Cultural critic David Kepesh finds his life -- which he indicates is a state of "emancipated manhood" -- thrown into tragic disarray by Consuela Castillo, a well-mannered student who awakens a sense of sexual possessiveness in her teacher.
Her name is Mina, but she is called Bambola (doll). Upon the death of her mother, she and her homosexual brother, Flavio, open a pizzeria. A man named Ugo loans Bambola the money, but is ... See full summary »
In 1931, a young soldier (Fernando) deserts from the army and falls into a country farm, where he is welcomed by the owner (Manolo) due to his political ideas. Manolo has four daughters (... See full summary »
Fernando Fernán Gómez,
A man discovers that his girlfriend is a "stigmata" (someone whose hands and feet mysteriously bleed in the same places where Jesus Christ was crucified) and tries to keep her out of the ... See full summary »
luxurious and luxuriant fetishness pervades, amid inaccurate historical background
Bigas Luna is not exactly the easiest of Spanish directors with whom to come to terms. His stories tend to wade neck-deep in sophismic quagmires, aided and abetted by insolently visual splendours, which, however, for the intelligent viewer will not succeed in covering up certain lackings which place this director a long way away from Buñuel, or even Saura if you push me. After having been besieged throughout his `La Camarera del Titanic' which left me neither hot nor cold and wondering where the supposed story went under the overlay of irritating sumptuousness, I ventured into watching `Volavérunt' more from my personal interest in the famed Spanish artist Francisco Goya, and to see how Aitana Sánchez-Gijón and Penélope Cruz - who are intimate friends - would bear up, rather than any attraction Bigas Luna might have.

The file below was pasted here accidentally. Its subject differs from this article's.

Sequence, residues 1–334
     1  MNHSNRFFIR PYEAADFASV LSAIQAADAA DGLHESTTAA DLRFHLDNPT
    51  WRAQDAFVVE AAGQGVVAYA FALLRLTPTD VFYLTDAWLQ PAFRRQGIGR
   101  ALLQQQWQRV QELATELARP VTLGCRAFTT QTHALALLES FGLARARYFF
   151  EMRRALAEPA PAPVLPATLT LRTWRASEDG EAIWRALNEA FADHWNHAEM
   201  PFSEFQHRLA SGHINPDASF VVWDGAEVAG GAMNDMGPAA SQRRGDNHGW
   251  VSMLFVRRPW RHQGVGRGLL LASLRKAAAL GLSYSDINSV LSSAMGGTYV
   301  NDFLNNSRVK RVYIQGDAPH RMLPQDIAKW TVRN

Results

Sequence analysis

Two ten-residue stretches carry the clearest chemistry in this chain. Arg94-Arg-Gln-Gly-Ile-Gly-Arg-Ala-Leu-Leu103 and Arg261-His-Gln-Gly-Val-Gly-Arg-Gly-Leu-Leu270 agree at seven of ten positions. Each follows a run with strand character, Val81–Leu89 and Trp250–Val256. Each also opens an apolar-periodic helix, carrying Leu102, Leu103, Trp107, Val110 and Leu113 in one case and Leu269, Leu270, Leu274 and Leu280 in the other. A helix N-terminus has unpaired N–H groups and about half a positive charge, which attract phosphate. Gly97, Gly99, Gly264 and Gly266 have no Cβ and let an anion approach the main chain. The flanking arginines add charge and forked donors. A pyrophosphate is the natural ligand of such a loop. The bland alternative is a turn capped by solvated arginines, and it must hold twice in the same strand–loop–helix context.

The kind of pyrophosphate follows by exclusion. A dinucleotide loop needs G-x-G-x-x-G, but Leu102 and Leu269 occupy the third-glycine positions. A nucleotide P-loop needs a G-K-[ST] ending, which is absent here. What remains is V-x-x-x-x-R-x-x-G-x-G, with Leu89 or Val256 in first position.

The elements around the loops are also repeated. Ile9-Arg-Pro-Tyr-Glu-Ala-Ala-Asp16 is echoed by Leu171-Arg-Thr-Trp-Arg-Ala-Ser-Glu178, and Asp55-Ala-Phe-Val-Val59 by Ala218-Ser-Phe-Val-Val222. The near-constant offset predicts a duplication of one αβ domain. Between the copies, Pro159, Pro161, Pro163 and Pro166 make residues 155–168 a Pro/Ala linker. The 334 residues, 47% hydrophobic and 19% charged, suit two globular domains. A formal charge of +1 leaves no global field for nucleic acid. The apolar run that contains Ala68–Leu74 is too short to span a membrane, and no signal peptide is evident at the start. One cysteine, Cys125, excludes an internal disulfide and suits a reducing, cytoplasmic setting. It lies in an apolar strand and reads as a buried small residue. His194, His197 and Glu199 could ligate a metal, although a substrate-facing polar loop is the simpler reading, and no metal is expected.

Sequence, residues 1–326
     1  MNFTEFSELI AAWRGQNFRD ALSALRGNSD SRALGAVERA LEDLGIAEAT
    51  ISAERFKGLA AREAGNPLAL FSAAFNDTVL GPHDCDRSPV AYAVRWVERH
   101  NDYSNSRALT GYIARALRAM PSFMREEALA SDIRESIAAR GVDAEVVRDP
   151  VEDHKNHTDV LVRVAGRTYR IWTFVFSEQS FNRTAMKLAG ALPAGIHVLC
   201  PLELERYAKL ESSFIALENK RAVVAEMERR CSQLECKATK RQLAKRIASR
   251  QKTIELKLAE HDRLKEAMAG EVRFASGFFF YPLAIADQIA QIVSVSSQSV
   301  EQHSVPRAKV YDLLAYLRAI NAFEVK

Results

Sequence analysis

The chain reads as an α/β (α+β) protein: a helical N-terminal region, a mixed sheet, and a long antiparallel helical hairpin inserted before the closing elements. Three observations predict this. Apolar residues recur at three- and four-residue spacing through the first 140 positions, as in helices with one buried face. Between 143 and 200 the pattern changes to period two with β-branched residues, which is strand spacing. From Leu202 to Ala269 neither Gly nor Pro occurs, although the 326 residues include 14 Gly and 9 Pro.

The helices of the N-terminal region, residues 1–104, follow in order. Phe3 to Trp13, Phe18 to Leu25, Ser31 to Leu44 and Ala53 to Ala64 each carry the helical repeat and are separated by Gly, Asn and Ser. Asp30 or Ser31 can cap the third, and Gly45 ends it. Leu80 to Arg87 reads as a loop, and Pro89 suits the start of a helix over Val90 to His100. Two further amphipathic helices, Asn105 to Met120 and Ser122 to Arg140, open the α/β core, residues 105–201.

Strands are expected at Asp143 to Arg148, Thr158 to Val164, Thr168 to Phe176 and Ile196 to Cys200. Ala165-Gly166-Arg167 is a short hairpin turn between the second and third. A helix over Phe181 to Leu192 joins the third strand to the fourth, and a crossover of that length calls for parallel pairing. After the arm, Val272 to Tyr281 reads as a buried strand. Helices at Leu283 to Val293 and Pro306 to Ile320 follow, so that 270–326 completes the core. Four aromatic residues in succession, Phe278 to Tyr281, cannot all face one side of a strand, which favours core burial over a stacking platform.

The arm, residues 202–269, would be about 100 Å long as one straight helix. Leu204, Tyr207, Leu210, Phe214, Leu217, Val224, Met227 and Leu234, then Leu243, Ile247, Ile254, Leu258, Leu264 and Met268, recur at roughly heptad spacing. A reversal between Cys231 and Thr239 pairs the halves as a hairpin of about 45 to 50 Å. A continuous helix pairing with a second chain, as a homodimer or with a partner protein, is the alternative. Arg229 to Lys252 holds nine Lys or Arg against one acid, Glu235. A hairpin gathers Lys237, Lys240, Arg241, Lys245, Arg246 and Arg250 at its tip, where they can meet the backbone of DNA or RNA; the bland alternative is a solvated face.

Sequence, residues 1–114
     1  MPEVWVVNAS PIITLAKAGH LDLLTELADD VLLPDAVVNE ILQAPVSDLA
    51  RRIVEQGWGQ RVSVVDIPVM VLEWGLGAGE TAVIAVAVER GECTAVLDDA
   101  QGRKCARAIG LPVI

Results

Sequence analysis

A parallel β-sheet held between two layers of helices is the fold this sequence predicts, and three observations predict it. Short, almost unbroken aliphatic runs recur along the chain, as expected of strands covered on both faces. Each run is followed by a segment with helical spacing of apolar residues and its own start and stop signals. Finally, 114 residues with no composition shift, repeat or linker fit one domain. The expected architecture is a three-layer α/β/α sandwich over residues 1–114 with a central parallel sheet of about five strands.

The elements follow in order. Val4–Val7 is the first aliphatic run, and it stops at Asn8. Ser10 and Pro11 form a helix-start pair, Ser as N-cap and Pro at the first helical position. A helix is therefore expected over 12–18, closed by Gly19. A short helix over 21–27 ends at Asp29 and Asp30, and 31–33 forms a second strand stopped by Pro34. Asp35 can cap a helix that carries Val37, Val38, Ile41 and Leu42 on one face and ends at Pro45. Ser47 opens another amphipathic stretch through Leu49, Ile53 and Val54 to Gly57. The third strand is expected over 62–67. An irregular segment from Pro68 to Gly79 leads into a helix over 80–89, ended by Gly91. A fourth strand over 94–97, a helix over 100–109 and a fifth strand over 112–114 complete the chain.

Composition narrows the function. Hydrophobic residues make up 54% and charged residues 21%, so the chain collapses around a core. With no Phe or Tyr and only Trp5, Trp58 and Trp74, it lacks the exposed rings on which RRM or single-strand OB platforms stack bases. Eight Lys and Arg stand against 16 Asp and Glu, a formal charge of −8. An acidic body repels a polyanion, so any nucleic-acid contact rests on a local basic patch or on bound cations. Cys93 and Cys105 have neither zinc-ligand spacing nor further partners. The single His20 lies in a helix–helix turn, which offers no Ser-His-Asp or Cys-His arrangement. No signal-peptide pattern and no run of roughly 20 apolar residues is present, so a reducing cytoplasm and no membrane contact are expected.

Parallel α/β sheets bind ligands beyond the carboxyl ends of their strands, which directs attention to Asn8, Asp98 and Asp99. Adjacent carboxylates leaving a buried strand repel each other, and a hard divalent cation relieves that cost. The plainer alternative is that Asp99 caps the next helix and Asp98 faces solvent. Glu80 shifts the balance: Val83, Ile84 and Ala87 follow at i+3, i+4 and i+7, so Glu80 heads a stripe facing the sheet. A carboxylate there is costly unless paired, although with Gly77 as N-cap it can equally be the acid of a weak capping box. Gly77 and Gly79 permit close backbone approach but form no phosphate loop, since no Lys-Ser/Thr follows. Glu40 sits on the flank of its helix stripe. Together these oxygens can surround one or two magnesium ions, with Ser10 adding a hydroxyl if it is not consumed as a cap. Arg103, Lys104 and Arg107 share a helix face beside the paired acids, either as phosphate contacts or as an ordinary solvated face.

The story revolves around Goya's womanising and the mysterious death of the Duchess of Alba at the end of the 18th and beginning of the 19th Centuries, at a time when Madrid was wobbling through a difficult time and setting the scene for the following Prim vs Crown uprising. The title of the film comes from the Duchess of Alba's euphemism for her most private parts, supposedly revealed in the famous painting `La Maja Desnuda' but which in fact is another woman's body - possibly Pepita Tudó (Penélope Cruz). `Las Majas' were originally called `las gitanas' (gypsy women), but in those days `maja' meant a liberal woman who enjoyed her sexuality and sensuality.
The sets are superb, at least as good as any other period piece films I have ever seen; Franca Squarciapino's costumes are extravagantly magnificent; Asturian courtyards, heraldic-emblazoned palaces and luxury carriages pass by in front of your eyes. But the story is stulted, overwhelmed perhaps by such an immense visual banquet.
Jordi Mollà played an unconvincing Godoy; you should see him in `La Buena Estrella' (qv). And as for our two lovely actresses, I can only opine that Carlos Boyero in his insolent and infinitely unrefined article in `El Mundo' when this film was shown at the San Sebastián film festival, was right at least in saying that they are superbly beautiful, but they too need rôles which can show they are good actresses. Amen: in `Volavérunt' they were not able to show anything - apart from a fair amount of sexuality.
At a grand gala dinner held in the midst of so many conspirations in and out of the royal palace, a fascinating piece of music can be heard: it is the last movement of `El Retrato de Madrid' (Portrait of Madrid) by the Italian composer Luigi Boccherini who for many years was the Spanish Court's official maestro da capela; this piece was composed some years later than the film's story.
10 of 15 people found this review helpful.
Was this review helpful to you?